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Is it possible to create a Linux (2.6) block device (such as a loopback device) with an odd size? I couldn't make it happen. losetup seems to round down to 512 byte boundary. The ubd devices of User-mode Linux ubd devices seem to round up to 512 byte boundary. In struct request, we have sector_t __sector for the block offset for read/write operations.

I'm asking this question just for educational purposes. I can cope with the 512 byte boundary, but I'm still interested if it would be possible to bypass it. In this question I'm not interested in other layers of abstraction (such as using regular files or character devices).

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No. The Linux 2.6 block layer doesn't comprehend anything smaller than 512 bytes. Anything smaller (especially not a power of 2) would require a major rewrite of an awful lot of code.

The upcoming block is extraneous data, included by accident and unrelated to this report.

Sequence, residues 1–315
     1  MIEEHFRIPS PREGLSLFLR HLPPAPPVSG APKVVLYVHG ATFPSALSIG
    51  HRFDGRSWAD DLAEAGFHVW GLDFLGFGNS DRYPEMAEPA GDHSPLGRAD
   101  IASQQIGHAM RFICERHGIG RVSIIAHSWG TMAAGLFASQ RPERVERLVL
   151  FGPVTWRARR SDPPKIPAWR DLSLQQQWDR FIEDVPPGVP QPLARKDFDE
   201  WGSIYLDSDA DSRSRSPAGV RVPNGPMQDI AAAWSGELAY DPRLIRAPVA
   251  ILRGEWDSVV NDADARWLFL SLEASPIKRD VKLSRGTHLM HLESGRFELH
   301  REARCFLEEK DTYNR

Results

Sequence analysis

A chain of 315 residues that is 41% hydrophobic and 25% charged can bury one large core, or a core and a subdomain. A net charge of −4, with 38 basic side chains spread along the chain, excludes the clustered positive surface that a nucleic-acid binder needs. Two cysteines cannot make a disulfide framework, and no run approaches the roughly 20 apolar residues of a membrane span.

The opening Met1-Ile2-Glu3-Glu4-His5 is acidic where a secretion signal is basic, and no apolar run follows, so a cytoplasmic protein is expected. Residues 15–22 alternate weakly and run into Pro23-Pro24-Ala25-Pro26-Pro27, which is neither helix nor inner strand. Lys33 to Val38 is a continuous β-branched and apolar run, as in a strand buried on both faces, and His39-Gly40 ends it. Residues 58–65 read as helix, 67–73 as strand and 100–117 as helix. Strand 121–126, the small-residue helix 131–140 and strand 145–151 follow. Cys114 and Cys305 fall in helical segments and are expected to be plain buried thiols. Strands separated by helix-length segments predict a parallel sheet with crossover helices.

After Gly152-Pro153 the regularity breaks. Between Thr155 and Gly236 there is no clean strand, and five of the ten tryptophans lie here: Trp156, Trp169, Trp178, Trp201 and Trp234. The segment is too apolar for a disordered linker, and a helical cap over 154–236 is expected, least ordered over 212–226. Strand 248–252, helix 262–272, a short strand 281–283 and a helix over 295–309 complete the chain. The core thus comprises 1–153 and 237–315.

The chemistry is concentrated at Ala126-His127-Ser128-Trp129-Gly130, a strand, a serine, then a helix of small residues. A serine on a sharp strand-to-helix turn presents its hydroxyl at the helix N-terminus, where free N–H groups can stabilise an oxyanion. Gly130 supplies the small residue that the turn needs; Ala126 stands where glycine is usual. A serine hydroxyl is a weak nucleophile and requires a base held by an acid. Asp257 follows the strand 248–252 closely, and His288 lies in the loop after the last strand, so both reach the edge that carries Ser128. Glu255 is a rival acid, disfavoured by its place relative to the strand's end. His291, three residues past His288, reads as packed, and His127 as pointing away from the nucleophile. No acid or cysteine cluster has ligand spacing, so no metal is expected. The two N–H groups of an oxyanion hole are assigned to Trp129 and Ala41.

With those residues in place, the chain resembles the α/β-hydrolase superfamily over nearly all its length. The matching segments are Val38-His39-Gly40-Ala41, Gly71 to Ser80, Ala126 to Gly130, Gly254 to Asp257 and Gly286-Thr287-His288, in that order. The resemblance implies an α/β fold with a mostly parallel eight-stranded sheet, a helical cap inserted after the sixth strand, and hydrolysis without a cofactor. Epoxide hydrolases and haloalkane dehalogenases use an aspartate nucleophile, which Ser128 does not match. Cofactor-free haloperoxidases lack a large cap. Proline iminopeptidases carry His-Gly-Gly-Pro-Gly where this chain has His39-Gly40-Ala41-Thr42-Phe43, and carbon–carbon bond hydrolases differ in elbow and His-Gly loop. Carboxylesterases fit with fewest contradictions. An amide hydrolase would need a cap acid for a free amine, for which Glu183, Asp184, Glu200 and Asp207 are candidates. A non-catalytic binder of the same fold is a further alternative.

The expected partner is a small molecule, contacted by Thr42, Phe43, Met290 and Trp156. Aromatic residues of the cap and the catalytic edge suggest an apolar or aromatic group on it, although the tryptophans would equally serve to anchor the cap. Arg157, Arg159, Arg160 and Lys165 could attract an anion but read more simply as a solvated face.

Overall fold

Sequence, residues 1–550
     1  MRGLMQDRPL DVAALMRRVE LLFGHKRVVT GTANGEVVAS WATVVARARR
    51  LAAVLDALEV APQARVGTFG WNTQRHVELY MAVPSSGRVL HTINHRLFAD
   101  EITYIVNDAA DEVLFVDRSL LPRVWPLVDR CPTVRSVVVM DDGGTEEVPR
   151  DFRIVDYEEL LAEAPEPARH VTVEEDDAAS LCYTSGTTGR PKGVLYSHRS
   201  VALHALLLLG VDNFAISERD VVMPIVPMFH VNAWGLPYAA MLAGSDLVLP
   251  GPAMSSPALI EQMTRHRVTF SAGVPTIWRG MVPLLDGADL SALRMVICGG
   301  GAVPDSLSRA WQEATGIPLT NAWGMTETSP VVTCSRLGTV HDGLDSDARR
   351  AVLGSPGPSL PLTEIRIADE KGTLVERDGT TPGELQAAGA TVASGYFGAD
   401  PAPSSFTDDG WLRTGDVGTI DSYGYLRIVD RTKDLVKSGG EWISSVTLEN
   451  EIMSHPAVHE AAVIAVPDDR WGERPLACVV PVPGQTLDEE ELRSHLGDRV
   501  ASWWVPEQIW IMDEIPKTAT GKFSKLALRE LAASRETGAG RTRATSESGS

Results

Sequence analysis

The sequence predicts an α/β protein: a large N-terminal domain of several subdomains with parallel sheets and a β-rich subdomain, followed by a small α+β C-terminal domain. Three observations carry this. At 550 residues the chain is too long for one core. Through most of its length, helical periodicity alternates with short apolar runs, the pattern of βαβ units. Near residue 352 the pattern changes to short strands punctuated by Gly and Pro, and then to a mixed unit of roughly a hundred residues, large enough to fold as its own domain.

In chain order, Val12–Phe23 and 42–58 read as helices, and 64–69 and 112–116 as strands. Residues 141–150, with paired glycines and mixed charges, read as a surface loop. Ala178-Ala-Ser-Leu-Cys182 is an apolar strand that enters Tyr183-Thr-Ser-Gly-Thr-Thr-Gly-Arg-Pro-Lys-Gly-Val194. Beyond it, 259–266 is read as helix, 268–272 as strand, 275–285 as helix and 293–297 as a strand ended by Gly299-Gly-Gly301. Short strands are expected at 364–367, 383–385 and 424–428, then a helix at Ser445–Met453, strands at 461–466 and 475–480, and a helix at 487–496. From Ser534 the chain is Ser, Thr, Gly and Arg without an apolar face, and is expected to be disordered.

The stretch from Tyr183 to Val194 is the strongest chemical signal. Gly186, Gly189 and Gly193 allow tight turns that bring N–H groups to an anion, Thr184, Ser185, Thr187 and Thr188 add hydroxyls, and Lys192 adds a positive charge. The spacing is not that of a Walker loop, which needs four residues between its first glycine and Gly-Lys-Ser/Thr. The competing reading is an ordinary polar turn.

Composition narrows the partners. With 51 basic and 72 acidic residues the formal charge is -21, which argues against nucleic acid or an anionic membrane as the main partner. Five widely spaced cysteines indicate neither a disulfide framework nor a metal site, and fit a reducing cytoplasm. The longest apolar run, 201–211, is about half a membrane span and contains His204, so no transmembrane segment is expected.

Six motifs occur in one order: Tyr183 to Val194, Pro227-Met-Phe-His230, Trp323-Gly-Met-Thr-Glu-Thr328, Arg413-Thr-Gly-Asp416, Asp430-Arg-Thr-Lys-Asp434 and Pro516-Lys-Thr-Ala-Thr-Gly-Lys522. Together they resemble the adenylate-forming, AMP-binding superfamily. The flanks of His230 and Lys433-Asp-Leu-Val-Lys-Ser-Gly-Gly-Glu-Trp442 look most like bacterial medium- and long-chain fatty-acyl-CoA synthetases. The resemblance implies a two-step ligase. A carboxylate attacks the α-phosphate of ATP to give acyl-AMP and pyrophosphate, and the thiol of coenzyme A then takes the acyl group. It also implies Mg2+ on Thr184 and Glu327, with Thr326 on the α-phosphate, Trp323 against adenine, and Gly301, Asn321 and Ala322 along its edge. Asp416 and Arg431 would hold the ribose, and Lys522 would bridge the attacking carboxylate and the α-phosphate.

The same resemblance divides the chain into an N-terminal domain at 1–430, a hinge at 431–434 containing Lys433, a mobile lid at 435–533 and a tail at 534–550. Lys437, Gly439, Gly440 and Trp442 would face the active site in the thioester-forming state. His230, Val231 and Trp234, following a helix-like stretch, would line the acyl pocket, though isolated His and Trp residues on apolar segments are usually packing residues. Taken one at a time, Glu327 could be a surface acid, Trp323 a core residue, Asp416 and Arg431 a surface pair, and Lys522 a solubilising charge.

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This is what makes a block device instead of a character device: the block granularity. The dichotomy exists because it is vastly more efficient to model real hardware that works a block at a time as an abstraction that also deals in blocks. To do otherwise would turn every operation into a much more costly computation.

The way to bypass it is, as you mention, to use a character oriented device or abstraction. This is central to the Unix device model: everything is a series of octets, except for the things that can only be virtualized as one.

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I'm fine with the block granularity -- but with that we could still have an odd device size: just make the last block smaller than the others. The focus on my question is not philosophical, however: I'm interested in the Linux kernel 2.6 implementation. –  pts Nov 21 '10 at 11:30
    
That's exactly what I meant by "more costly computation". Surrounding every access with "is this the last partial block?" predicates is expensive when applied to every IO operation. –  msw Nov 21 '10 at 11:36

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